2 A minor personal story already from the summer of 1974 bears on the point. As a bright young economist, I had the idea that the Export-Import Bank should not be financing the sale of the then new Boeing 747, on the ground that it was a superior monopoly product which foreign airlines would have to buy under any circumstances. So I drafted language for the markup barring Ex-Im financing for any product in which the U.S. firm held a “substantial monopoly position.” Reuss introduced the language and got it adopted. Boeing went to work, calling all the members in whose districts its subcontractors had operations, which was, of course, all of them. The next day Reuss was obliged to climb down, explaining that the staff work had been defective. At twenty-two, I thought that my Hill career was over; as I walked to the markup past the security guard at the horseshoe entrance to the Rayburn building, he glanced at my face and said, “It can’t be that bad.”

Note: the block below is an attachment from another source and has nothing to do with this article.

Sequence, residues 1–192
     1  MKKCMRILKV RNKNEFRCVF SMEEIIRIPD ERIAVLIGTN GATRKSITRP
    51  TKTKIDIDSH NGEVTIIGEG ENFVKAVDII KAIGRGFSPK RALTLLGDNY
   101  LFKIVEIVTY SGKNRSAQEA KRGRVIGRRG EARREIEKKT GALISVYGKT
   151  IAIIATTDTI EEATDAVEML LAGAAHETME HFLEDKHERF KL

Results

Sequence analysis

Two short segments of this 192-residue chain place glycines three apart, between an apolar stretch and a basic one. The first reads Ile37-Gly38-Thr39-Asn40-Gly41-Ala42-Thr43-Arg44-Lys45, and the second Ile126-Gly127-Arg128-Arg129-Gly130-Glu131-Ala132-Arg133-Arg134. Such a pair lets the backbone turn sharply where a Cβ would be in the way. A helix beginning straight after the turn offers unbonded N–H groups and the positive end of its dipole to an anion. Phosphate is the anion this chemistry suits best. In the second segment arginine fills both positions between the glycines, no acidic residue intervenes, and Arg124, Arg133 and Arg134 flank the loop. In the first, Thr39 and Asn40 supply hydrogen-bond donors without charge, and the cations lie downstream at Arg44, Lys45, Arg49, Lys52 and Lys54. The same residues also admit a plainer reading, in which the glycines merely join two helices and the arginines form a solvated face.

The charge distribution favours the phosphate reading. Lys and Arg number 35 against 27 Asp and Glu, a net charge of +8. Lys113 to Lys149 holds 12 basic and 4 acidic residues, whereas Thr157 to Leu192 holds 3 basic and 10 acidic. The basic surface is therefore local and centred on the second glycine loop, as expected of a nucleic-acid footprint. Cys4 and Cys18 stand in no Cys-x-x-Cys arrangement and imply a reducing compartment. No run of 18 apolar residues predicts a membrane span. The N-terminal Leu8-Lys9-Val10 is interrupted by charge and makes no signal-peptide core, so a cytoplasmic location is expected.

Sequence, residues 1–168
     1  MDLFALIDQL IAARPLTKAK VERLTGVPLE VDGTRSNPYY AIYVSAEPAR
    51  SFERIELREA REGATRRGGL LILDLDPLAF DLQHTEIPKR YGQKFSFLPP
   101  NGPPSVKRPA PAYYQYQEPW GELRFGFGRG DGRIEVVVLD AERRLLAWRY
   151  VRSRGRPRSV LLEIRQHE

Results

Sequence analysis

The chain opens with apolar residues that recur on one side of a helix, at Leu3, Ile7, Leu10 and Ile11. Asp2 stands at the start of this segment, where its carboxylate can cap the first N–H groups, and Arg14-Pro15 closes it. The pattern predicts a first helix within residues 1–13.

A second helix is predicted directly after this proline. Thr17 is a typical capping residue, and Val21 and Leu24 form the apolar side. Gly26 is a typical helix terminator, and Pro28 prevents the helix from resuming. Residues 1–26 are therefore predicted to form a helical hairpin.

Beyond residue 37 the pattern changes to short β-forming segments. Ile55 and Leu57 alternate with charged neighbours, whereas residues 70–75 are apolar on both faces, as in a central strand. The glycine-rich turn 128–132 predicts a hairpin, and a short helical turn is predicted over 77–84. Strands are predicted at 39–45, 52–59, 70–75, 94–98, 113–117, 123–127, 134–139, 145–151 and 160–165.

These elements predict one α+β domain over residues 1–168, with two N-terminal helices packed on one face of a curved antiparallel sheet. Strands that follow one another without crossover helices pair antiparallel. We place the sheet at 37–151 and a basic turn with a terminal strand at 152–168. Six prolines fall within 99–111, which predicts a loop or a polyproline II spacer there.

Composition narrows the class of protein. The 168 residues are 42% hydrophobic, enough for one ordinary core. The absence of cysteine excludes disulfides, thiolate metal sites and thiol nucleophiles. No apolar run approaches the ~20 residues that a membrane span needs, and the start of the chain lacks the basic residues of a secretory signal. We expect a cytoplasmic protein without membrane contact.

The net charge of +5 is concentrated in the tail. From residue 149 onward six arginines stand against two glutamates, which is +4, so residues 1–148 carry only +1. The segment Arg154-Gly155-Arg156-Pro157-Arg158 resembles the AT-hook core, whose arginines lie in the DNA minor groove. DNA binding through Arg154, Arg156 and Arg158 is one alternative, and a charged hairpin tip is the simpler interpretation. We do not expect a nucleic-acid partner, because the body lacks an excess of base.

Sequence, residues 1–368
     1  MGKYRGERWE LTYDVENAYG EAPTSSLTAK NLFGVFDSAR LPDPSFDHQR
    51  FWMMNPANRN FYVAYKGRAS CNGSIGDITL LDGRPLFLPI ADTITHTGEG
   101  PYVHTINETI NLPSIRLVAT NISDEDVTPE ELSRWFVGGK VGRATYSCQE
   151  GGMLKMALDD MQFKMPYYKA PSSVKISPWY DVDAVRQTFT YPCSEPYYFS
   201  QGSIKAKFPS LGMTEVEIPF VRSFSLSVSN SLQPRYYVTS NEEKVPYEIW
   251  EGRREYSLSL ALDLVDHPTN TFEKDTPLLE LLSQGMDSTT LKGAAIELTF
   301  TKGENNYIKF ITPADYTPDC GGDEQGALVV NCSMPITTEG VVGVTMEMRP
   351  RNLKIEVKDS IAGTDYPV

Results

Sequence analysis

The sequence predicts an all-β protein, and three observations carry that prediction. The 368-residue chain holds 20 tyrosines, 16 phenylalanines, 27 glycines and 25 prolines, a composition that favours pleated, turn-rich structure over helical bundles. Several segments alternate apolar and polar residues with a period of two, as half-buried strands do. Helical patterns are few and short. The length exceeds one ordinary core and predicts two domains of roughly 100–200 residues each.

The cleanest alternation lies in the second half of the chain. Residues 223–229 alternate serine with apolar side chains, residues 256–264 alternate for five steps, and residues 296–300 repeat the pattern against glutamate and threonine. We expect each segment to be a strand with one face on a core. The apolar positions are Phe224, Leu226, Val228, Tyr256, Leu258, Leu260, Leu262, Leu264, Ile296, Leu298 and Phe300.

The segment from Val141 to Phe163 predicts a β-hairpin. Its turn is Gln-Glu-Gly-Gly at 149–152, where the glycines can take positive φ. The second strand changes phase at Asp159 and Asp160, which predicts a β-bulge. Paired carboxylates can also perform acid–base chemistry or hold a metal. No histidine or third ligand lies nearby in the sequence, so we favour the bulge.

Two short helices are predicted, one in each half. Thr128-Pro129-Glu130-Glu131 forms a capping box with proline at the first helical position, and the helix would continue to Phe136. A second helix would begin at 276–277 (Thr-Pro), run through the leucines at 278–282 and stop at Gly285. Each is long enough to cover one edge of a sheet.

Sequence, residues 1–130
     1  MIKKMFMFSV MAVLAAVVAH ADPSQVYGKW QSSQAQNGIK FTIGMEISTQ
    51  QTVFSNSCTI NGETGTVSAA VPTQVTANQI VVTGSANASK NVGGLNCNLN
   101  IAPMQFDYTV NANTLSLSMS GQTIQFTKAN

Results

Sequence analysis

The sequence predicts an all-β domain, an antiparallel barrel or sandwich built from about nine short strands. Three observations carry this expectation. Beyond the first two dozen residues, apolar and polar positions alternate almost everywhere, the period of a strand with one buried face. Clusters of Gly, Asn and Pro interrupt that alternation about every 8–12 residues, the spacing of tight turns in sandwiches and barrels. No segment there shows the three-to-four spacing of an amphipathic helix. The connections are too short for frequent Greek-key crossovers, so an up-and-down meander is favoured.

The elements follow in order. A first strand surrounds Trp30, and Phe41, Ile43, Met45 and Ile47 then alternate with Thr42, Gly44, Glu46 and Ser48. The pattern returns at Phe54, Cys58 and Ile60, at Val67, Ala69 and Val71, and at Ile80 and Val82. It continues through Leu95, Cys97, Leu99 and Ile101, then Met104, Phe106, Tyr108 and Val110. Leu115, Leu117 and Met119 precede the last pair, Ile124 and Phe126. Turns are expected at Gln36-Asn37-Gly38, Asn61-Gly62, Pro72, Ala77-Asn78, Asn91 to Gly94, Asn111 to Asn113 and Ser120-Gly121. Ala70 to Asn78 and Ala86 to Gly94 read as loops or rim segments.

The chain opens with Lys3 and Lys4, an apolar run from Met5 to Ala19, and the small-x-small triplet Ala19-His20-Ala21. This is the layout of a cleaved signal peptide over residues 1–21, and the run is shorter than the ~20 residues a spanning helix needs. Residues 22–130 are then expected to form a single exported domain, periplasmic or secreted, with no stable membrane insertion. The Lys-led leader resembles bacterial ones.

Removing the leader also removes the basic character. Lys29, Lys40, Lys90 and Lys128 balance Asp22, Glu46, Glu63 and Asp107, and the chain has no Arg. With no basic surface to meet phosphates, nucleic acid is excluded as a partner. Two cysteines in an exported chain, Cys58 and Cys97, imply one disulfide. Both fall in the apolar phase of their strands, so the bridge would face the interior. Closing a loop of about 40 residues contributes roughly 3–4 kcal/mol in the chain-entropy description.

3 The committee today has more than sixty members, seated in four rows in the committee chambers. At the time the number was in the low thirties, and there were only two rows of seats for members.
4 My book The Predator State: How Conservatives Abandoned the Free Market and Why Liberals Should Too (Free Press, 2008), deals with this phenomenon in detail.
5 Curiously, one of Stoller’s truest forebears, E. F. Schumacher of Small Is Beautiful fame, goes unmentioned in this book.
6 The quotation is from Adam Smith, The Wealth of Nations.